Naturally Gluten-Free foods
There are some foods that do not contain gluten (unless some company intentionally chooses to add it in). Unflavored popcorn is gluten-free. Some brands of potato chips are also gluten-free. Look for the “plain” flavor. (Seasoned potato chips could have gluten in them).

Vegetables and fruits are always gluten-free. Buy canned or frozen vegetables (that don’t have added flavors or seasonings) and they will last a long time. You can get a good price on fruits and vegetables when they are in season. The best thing about fresh produce is that it you can be certain that there is absolutely no wheat in it.

Make your Own Version
Gluten-free packaged pastries can be really expensive. It can feel unfair that the safe, gluten-free, box of cookies contains less product and cost more than the “regular” wheat filled versions. One way to cut down on the costs of gluten-free treats is to make your own version at home.

There are now plenty of gluten-free flours to choose from. These include flour made from: rice, almonds, coconut, sorghum, potato, black beans, garbanzo beans, and fava. You might also need xanthan gum (to help the gluten-free flour stick together).

These gluten-free flour options make it easy for people to bake up a big batch of cookies that are safe for them to eat. You will likely be able to make two or more batches from one package of gluten-free flour, and the package of xanthan gum will last for several batches. The cost of the purchase gets spread out over several batches of treats.

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Alternatives to Halloween Candy

Posted on Wednesday, October 7th, 2015 at 5:09 pm
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The Teal Pumpkin Project gives families a great reason to offer non-food treats to the trick-or-treaters who come to their door on Halloween.Are you uncomfortable about handing out sugar filled candy to the trick-or-treaters that will come to your door on Halloween? There are plenty of healthier alternatives. Some families are choosing to hand out non-food treats instead of candy.

The Teal Pumpkin Project was created by the FARE (which stands for Food Allergy Research & Education). The goal of the Teal Pumpkin Project is to make trick-or-treating safe for children who have food allergies. It promotes the safety, inclusion, and respect of kids who have food allergies, who are diabetic, or who have otherwise cannot eat certain foods or need to limit their sugar intake.

You can take part in the Teal Pumpkin Project this Halloween. Download a sign from the FARE website that will let people know that you are passing out safe treats. Some families are painting an entire pumpkin teal and putting it on their porch. (The FARE website has other ways to get involved, too.)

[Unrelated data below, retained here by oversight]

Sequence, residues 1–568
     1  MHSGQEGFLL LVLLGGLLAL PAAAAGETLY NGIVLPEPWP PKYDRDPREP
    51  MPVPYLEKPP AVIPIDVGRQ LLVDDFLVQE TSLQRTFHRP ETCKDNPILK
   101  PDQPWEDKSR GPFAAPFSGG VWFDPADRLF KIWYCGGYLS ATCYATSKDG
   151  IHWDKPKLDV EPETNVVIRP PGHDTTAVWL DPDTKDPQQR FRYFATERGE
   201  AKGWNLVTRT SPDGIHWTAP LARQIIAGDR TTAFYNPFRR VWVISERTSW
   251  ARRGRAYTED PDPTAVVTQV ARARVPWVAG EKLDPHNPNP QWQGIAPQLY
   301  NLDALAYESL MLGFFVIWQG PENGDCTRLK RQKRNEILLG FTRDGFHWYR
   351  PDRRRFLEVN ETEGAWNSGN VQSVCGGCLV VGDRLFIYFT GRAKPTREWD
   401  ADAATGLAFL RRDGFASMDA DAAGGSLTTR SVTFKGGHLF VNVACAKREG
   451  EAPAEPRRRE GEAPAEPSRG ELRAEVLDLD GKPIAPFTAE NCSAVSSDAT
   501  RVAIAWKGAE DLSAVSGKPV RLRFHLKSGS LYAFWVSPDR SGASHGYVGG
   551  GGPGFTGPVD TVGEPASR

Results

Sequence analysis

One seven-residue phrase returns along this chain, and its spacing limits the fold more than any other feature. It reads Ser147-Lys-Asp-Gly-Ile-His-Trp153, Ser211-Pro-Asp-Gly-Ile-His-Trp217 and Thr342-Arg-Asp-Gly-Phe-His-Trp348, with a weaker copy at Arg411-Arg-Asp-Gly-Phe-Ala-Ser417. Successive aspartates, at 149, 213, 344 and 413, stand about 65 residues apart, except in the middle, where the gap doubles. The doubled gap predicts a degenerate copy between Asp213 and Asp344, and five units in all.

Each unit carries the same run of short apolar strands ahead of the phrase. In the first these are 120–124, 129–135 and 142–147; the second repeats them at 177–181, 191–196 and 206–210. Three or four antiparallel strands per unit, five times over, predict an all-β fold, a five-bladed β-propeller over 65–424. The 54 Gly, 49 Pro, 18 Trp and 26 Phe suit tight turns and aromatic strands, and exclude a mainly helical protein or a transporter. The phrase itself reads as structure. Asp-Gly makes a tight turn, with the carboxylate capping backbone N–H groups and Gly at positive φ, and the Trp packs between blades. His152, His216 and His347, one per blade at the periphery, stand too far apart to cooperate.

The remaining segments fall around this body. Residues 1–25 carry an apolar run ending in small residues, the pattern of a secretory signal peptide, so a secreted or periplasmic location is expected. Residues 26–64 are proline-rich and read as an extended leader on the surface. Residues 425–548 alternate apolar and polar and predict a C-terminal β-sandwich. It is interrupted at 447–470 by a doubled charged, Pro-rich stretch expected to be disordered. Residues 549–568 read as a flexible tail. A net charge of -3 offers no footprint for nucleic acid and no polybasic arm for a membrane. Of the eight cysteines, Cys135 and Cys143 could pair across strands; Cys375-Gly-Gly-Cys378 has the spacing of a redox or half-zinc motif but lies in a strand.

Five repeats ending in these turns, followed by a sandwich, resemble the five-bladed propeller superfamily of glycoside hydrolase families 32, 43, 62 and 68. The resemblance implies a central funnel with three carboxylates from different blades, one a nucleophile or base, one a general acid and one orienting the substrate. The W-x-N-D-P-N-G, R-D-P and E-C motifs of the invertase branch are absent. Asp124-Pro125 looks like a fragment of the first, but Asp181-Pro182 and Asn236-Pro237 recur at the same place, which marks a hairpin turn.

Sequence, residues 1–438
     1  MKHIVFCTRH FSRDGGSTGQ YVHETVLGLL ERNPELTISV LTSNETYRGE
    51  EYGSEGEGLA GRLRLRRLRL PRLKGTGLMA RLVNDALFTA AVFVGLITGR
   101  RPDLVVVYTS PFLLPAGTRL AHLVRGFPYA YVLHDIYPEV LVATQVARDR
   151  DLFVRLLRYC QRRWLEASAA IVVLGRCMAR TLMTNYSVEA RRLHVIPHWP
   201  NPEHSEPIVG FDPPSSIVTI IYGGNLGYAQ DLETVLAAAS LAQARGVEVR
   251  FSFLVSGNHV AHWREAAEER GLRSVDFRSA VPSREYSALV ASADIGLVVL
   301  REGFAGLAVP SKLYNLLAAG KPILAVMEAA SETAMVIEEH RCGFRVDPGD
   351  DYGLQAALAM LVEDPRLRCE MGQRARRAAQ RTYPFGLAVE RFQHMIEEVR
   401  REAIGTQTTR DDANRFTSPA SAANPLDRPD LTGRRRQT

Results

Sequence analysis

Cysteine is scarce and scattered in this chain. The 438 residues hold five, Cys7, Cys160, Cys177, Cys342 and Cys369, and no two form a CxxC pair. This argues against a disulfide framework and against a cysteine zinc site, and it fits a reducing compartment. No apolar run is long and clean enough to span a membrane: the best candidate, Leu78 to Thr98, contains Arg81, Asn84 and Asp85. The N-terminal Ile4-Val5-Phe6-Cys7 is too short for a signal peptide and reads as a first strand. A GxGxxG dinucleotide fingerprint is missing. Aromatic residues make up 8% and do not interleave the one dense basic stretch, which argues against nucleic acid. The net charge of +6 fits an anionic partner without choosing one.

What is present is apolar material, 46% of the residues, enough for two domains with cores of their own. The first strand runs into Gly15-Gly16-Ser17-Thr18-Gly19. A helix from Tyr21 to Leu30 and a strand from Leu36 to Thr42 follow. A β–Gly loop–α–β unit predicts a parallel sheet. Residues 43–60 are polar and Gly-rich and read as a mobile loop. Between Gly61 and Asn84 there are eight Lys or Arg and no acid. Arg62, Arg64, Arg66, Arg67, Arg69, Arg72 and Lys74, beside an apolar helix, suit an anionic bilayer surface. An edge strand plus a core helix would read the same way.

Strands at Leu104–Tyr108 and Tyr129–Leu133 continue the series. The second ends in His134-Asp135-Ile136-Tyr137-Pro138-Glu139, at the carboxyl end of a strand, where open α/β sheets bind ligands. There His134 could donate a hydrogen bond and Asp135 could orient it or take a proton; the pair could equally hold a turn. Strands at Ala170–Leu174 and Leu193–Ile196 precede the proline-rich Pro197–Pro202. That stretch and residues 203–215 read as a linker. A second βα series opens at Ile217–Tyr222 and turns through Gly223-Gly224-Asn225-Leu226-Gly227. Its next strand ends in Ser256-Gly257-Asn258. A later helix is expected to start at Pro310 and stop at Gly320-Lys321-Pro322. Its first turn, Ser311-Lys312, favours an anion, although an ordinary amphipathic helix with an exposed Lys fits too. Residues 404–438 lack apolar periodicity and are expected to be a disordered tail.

FARE has a list of non-food items that you can hand out on Halloween instead of candy:

* Glow sticks, bracelets, or necklaces
* Pencils, pens, crayons or markers
* Bubbles
* Halloween erasers or pencil toppers
* Mini Slinkies
* Whistles, kazoos, or noisemakers
* Bouncy balls
* Finger puppets or novelty toys
* Coins
* Spider rings
* Vampire fangs
* Mini notepads
* Playing cards
* Bookmarks
* Stickers
* Stencils

Not sure what to pick? FARE can make things really easy for you. They sell Teal Pumpkin Project Trick-or-Treat Goodie bags. Each comes with a selection of 50 non-food treat goodies, including 20 Halloween sticker packs (8 per pack), 10 bouncy balls (latex free, not for kids under 3 years old), 10 orange and black rope friendship bracelets, and 10 Halloween pencils). Order before October 15, 2015, and you can receive your bag in time for Halloween.

Another option is to visit your local dollar store and look for packages of non-food items to hand out. You might find Halloween pencils and erasers. One package of plastic army men, farm animals, or dinosaurs can be opened up and handed out to dozens of children – one toy at a time.

Those who do not celebrate Halloween, but will be participating in a “trunk-or-treat” or a fall festival at their church, might consider handing out non-food treats this year. It is a great way to avoid handing out a lot of sugar filled candy. It also shows compassion and respect for the kids who have food allergies. You will be giving these kids the opportunity to safely participate in the fun.